This anthology of essays, edited by Tomasz Jeleński and others, presents the diversity of approaches to the tradition and heritage of urban, architectural, and building design, and their place in the contemporary image of the city in a number of places and cultures around the world.
The tendencies and cases highlighted here are elaborated upon in the chapters of the three-volume monograph. Seventy authors, representing a varied and diverse range of places and schools, analyse on its pages the relations between contemporary architectural occurrences and particular traditions.
The overall tone is far from uniform, as the monograph displays a wide spectrum of facts, works, design concepts, commentaries, attitudes, opinions, and stances. The scientific approach is the dominating factor, however, and it allows for a clear demarcation between what is demonstrable and what is hypothetical or presumptive.
The compilation of this monograph was initiated by the 2nd INTBAU Conference, which was held in Krakow, in May 2014.
“Contextual urban design is undoubtedly the most significant new direction in urban design since the acknowledged failure of Modernist masterplanning in the late 20th century. As a consequence, there remains a tension between the idea of the contemporary and the importance of identity through tradition and heritage. When the current dialogue between the global and the local is added, this has become the most important subject in urban design today. The INTBAU Poland conference has made a significant contribution to this debate. The variety and quality of contributions recorded in this monograph will provide a major addition to the body of knowledge and practice on a topic at the centre of the quality of everyday life.”
— Robert Adam
“I am very happy to recommend this book of collected essays. It represents a pioneering effort, and the result is a great success. Coming after a 2014 Conference held in Krakow, this book is a separate achievement. I believe that the material brings a much-needed new perspective on human-scale urbanism that has been missing from the post-war toolbox of design methods, and missing even from the epistemological approach to building cities. As such, it is very much welcome today.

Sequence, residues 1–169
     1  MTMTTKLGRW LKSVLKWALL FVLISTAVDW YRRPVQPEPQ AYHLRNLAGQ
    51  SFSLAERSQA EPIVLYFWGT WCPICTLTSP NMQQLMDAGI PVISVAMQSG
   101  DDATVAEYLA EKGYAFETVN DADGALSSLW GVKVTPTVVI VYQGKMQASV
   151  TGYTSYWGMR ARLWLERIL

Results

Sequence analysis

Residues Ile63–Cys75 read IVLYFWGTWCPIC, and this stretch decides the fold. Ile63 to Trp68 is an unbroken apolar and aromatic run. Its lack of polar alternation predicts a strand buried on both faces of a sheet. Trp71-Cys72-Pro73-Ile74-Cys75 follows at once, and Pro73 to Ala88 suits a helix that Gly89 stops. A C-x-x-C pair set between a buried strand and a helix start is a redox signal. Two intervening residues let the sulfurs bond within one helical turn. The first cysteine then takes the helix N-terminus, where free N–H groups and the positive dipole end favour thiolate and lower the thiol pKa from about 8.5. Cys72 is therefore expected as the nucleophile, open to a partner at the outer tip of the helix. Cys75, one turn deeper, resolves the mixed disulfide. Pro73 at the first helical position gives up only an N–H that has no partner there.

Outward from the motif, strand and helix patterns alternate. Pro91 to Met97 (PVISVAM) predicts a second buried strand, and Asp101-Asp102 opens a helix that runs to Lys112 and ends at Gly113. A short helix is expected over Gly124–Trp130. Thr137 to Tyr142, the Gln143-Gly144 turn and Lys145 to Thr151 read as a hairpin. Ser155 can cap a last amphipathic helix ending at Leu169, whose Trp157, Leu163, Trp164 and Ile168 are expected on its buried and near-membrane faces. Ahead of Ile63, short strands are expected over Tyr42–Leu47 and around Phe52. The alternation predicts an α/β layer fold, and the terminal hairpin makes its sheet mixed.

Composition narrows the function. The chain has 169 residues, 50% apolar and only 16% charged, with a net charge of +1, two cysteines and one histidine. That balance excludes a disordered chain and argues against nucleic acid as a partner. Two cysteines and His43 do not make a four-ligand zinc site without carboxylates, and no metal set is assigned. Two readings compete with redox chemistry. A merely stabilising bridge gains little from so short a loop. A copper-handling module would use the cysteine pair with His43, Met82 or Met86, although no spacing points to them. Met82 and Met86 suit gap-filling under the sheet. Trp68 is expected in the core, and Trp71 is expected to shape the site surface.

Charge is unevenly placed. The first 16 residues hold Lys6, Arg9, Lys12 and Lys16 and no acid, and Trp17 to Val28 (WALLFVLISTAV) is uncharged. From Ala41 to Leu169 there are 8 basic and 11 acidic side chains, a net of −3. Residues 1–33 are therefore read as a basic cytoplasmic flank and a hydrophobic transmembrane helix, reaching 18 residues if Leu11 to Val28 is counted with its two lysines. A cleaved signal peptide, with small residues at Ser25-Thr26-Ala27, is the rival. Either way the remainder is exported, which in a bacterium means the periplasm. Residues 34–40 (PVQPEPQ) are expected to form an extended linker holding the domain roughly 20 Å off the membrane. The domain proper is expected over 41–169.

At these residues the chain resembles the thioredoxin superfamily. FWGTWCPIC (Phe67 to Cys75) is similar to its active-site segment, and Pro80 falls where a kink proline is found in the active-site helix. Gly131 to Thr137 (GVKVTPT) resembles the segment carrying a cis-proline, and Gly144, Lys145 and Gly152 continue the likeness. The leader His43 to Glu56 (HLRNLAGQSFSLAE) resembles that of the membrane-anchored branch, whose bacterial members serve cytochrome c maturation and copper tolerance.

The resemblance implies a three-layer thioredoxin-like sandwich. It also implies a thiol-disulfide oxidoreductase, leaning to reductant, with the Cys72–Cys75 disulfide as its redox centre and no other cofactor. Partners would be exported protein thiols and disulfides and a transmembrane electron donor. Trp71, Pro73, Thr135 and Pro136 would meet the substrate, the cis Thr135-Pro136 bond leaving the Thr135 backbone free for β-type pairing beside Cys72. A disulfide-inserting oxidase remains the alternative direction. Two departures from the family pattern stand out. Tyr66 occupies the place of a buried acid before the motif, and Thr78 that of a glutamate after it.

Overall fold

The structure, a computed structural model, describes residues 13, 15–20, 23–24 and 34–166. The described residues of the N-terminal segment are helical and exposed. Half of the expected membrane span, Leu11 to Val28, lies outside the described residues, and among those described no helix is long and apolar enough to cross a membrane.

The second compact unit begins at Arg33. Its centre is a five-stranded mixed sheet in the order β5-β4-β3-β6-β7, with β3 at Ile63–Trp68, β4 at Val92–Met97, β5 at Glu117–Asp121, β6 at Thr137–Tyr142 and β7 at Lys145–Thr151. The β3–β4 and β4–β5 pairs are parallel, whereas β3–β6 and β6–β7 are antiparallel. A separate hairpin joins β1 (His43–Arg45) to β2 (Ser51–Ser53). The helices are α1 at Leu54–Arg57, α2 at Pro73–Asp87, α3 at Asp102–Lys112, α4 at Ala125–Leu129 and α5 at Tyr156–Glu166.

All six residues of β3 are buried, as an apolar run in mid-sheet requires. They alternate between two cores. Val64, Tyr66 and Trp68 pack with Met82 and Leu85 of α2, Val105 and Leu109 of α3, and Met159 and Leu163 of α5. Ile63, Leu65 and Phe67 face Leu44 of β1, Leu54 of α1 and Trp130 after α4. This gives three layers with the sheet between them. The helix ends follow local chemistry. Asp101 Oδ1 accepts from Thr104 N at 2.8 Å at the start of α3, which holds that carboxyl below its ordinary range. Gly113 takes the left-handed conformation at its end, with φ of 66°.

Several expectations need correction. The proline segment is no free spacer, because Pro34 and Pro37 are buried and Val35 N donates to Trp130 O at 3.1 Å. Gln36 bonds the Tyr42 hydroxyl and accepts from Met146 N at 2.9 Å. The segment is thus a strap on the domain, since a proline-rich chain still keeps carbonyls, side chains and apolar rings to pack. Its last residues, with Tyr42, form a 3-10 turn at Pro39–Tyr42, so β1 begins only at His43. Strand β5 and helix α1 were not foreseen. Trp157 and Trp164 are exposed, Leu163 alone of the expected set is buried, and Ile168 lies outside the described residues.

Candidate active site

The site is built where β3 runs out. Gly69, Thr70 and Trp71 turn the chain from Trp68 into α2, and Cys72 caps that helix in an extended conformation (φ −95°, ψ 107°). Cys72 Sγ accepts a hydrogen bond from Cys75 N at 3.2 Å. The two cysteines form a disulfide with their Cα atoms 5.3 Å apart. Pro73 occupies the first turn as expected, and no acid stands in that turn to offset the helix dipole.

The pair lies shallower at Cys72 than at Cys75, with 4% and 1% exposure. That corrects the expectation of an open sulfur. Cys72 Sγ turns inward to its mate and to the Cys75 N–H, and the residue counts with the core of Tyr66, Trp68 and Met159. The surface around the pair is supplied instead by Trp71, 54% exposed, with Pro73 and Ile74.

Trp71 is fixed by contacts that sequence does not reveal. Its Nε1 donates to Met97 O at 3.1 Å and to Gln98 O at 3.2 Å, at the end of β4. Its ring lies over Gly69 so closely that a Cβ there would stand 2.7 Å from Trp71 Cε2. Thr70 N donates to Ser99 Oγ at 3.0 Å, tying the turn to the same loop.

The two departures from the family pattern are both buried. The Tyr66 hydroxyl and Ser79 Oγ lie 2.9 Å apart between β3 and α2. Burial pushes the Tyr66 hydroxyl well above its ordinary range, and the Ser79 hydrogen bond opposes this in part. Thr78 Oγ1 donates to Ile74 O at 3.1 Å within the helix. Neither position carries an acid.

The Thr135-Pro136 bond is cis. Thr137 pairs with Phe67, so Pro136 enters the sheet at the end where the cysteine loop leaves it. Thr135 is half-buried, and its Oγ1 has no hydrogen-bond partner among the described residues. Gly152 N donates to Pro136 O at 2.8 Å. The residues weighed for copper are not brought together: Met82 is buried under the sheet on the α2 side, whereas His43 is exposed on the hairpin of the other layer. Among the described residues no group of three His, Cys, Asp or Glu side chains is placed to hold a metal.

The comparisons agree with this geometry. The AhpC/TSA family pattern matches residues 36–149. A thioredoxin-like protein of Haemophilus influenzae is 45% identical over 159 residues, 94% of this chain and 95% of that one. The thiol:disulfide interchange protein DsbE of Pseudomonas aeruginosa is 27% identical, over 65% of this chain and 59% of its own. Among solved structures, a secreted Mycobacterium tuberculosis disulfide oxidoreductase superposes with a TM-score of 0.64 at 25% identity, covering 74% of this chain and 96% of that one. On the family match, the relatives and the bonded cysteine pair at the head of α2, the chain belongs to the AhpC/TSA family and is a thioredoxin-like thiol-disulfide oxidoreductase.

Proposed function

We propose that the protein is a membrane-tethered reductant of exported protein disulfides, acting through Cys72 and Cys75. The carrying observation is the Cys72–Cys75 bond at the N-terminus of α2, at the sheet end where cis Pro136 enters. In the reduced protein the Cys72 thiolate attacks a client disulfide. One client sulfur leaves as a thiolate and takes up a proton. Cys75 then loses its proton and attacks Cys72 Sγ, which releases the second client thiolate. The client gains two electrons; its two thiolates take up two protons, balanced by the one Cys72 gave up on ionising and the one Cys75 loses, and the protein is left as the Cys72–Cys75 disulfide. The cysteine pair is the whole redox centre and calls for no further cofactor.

The collection includes essays by several researchers and practitioners who are on the forefront of sustainable and neo-traditional design and planning. There is a contribution by Michael Mehaffy that introduces and describes the seminal work of Christopher Alexander. Léon Krier, perhaps the world’s leading neo-traditional architect and father of the New Urbanism movement, outlines his own approach and ideas. Elizabeth Plater-Zyberk, a pioneering figure of New Urbanism practice, presents a nice distillation of the planning techniques she has used to build many communities around the world. The world-renowned classical architect Robert Adam has his own contribution.
I especially enjoyed reading the detailed historical description of the development of urban fabric in Krakow. This is a fascinating history that has not been easily available outside Poland. It is important today because the result — Krakow today as it is experienced by both its inhabitants and visitors — is a marvelous city with an excellent mixture of urban fabric.
The material I have read here is correct, interesting, original, and very well written. The overall level of scholarship is very high throughout. I sincerely hope that this collection will be used for courses in design theory, planning patterns, conceptualization of urban form, adaptability of design, etc.”
— Nikos A. Salingaros
PART ONE: NORMATIVE THEORIES
Authors: Mehaffy, Krier L., Jadresin-Milic, Kutiak, Wierzbicka
PART TWO: CHALLENGES
Authors: Adam, Kosiński, Racoń-Leja, Evans & Bach-Głowińska, Kantarek, Jeleński, Pawłowska, Bieda, Bevz, Pancewicz
PART THREE: PRACTICE
Authors: Plater-Zyberk, Stangel, Amoruso, Petralla, Verschuren, Mycielski
Volume 2; Challenges and Responses is available here.
Volume 3; Practice and Process is available here.